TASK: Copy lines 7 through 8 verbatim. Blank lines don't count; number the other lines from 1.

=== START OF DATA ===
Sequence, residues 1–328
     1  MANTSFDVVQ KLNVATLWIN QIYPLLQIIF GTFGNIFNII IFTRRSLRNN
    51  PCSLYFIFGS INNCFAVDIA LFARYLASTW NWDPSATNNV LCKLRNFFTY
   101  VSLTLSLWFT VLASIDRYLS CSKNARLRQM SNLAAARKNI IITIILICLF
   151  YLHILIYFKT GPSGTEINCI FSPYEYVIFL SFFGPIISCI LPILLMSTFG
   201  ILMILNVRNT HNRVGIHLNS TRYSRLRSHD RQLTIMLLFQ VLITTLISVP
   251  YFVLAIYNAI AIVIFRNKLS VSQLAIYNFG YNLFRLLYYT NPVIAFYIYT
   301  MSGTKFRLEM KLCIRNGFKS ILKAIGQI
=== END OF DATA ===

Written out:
   251  YFVLAIYNAI AIVIFRNKLS VSQLAIYNFG YNLFRLLYYT NPVIAFYIYT
   301  MSGTKFRLEM KLCIRNGFKS ILKAIGQI